I may know a thing, and yet not believe it. Therefore assent must go with faith: that is to say, what we know we must also agree with, as being most certainly the will of God. Now, with faith, it is necessary that I should not only read the Scriptures and understand them, but that I should receive them in my soul as being the very truth of the living God, and should devoutly, with my whole heart, receive the whole of Scripture as being inspired of the most High, and the whole of the doctrine which he requires me to believe for my salvation. You are not allowed to divide the Scriptures, and to believe what you please; you are not allowed to believe the Scriptures with a half-heartedness, for if you do this wilfully, you have not the faith which looks alone to Christ. True faith gives its full assent to the Scriptures; it takes a page and says, “No matter what is in the page, I believe it;” it turns over the next chapter and says, “Here are some things hard to be understood, which they that are unlearned and unstable do ignore, as they do also the other Scriptures, to their destruction; but hard though it be, I believe it.” It sees the Trinity; it cannot understand the Trinity in Unity, but it believes it. It sees an atoning sacrifice; there is something difficult in the thought, but it believes it; and whatever it be which it sees in revelation, it devoutly puts its lips to the book, and says, “I love it all; I give my full, free and hearty assent to every word of it, whether it be the threatening or the promise, the proverb, the precept, or the blessing. I believe that since it is all the word of God it is all most assuredly true.”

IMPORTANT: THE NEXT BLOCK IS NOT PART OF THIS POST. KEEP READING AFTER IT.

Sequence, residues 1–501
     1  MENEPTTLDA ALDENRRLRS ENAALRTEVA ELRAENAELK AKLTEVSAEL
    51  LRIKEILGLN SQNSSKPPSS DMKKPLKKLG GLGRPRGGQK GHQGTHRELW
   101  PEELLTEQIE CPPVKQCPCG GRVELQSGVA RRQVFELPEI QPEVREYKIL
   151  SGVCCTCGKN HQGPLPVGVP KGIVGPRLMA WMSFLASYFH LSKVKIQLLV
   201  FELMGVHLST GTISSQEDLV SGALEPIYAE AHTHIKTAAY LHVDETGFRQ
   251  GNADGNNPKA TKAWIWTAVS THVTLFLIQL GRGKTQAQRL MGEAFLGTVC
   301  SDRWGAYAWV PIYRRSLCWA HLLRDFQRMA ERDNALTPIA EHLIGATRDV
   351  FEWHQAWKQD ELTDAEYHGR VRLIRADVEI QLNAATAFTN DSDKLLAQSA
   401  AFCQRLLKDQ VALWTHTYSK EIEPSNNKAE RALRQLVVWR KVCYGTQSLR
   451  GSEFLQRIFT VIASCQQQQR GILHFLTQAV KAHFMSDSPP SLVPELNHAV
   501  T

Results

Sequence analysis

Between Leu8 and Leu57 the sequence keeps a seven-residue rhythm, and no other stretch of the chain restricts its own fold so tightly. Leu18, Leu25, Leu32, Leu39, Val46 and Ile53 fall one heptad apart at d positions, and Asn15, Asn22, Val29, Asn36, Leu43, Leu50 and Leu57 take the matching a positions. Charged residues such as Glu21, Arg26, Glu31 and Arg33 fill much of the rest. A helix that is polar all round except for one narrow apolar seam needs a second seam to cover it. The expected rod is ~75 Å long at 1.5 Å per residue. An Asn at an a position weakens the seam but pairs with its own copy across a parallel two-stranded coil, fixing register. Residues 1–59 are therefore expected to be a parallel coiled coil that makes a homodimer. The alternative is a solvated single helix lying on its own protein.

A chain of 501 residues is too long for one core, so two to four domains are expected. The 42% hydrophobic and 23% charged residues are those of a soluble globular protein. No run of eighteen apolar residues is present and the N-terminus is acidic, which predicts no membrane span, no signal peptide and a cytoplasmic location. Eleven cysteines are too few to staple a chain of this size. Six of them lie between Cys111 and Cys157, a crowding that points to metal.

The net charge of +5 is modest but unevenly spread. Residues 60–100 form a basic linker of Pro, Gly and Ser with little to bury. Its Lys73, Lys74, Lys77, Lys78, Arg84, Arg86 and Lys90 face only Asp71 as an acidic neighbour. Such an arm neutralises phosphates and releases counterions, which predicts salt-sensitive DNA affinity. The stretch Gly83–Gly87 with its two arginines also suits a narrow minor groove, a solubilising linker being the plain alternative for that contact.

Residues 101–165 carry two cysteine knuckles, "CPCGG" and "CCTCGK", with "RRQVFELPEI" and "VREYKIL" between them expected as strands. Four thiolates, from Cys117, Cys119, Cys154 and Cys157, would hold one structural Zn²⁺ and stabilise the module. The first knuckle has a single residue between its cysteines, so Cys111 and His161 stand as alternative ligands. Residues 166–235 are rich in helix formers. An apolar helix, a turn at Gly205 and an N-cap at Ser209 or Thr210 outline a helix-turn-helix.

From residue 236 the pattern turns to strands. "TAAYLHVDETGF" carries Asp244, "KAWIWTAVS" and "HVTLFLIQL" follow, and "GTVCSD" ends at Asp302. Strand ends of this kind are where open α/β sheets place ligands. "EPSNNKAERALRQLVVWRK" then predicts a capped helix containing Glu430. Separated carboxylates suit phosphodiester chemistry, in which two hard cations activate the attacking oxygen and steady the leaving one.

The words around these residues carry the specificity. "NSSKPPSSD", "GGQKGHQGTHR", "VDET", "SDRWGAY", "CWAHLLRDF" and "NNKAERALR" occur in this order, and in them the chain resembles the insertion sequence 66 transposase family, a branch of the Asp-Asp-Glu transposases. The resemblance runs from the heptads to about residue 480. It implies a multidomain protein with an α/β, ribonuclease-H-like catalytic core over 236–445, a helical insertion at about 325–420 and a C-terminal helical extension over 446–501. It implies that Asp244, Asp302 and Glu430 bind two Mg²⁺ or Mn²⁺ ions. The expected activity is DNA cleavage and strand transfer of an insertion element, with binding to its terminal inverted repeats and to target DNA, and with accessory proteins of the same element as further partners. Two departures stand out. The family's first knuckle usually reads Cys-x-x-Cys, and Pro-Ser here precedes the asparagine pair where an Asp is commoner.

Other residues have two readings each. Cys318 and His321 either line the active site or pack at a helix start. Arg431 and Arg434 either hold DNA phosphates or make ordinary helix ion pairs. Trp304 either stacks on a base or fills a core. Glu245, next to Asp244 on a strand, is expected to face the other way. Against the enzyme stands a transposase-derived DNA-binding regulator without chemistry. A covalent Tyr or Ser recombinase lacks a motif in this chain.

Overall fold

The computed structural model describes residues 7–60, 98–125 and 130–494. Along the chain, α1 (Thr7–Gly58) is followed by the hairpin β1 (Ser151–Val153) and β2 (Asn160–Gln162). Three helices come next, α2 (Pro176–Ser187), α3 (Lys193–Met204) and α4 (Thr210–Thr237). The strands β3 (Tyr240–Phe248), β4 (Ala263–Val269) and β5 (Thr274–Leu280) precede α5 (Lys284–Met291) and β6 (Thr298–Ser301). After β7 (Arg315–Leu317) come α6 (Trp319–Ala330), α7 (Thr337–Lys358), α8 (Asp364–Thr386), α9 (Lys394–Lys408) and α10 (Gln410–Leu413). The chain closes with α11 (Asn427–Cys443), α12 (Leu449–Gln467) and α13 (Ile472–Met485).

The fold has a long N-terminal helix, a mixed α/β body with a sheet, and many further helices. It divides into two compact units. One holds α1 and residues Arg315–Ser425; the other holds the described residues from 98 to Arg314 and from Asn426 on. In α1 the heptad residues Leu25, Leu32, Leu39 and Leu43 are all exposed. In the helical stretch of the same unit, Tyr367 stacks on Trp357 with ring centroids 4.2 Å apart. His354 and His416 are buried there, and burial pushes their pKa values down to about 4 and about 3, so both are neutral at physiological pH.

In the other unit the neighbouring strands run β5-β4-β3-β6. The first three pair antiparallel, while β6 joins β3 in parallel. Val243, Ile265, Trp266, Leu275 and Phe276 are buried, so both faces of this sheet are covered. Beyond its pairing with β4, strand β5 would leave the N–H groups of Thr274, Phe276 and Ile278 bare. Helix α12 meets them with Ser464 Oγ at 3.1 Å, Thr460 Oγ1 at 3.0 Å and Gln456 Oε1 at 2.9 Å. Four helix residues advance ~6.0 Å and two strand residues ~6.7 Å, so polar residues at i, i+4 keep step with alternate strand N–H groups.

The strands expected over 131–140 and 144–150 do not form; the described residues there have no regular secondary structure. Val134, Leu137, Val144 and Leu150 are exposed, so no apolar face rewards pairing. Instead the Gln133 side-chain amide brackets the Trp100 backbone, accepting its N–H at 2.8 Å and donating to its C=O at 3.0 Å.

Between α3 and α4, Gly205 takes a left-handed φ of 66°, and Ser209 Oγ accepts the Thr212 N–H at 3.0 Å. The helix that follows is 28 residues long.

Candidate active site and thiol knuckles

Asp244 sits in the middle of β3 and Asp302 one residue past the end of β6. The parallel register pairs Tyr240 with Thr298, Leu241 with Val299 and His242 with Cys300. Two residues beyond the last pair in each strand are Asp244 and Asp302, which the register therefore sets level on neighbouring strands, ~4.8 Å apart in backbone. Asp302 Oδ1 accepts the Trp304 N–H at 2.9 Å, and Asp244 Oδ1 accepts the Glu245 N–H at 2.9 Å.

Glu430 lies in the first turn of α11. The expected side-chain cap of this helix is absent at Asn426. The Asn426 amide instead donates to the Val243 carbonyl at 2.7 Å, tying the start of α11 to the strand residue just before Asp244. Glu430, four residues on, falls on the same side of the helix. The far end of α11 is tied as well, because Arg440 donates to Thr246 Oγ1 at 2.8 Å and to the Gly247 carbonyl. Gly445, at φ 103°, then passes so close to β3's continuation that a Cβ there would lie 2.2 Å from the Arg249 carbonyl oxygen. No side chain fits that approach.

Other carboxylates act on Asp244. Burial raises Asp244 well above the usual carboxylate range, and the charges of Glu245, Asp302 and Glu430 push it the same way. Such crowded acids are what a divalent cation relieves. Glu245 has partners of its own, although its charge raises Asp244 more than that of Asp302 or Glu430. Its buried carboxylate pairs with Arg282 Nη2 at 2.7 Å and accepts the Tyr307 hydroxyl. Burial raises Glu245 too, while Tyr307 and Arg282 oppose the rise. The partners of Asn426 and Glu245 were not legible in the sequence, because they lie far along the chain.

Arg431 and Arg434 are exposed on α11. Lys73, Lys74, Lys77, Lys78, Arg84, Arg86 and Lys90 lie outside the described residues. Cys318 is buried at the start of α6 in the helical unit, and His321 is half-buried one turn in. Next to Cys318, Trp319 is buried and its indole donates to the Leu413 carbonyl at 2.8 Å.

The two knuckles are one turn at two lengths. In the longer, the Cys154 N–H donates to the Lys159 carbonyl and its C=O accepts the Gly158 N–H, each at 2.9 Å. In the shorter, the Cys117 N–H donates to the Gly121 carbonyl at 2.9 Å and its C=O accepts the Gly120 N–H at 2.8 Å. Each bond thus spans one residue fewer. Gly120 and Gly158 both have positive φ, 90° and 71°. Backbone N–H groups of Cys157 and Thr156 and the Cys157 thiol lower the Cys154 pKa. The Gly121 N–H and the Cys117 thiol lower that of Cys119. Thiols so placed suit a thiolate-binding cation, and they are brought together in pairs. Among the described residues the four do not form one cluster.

For meditation: Faith enables us to accept much which we cannot explain—“Through faith we understand” (Hebrews 11:3): “Believing is seeing”. Nothing else can fill the gap left by a lack of faith.